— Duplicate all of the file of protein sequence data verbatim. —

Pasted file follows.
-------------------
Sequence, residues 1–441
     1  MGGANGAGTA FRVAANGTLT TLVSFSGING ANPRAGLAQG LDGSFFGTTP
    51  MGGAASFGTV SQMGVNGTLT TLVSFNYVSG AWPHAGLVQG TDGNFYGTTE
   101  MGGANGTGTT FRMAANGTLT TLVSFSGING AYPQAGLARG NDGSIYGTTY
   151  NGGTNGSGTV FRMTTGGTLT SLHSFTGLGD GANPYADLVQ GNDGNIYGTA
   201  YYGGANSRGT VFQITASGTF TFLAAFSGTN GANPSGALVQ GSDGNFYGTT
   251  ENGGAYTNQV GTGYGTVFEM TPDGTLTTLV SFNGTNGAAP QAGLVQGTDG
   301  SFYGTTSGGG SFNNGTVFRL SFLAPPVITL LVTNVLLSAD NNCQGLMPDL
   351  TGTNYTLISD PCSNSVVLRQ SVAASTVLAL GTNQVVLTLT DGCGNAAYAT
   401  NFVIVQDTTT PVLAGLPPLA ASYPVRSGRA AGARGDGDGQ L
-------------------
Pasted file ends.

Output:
Sequence, residues 1–441
     1  MGGANGAGTA FRVAANGTLT TLVSFSGING ANPRAGLAQG LDGSFFGTTP
    51  MGGAASFGTV SQMGVNGTLT TLVSFNYVSG AWPHAGLVQG TDGNFYGTTE
   101  MGGANGTGTT FRMAANGTLT TLVSFSGING AYPQAGLARG NDGSIYGTTY
   151  NGGTNGSGTV FRMTTGGTLT SLHSFTGLGD GANPYADLVQ GNDGNIYGTA
   201  YYGGANSRGT VFQITASGTF TFLAAFSGTN GANPSGALVQ GSDGNFYGTT
   251  ENGGAYTNQV GTGYGTVFEM TPDGTLTTLV SFNGTNGAAP QAGLVQGTDG
   301  SFYGTTSGGG SFNNGTVFRL SFLAPPVITL LVTNVLLSAD NNCQGLMPDL
   351  TGTNYTLISD PCSNSVVLRQ SVAASTVLAL GTNQVVLTLT DGCGNAAYAT
   401  NFVIVQDTTT PVLAGLPPLA ASYPVRSGRA AGARGDGDGQ L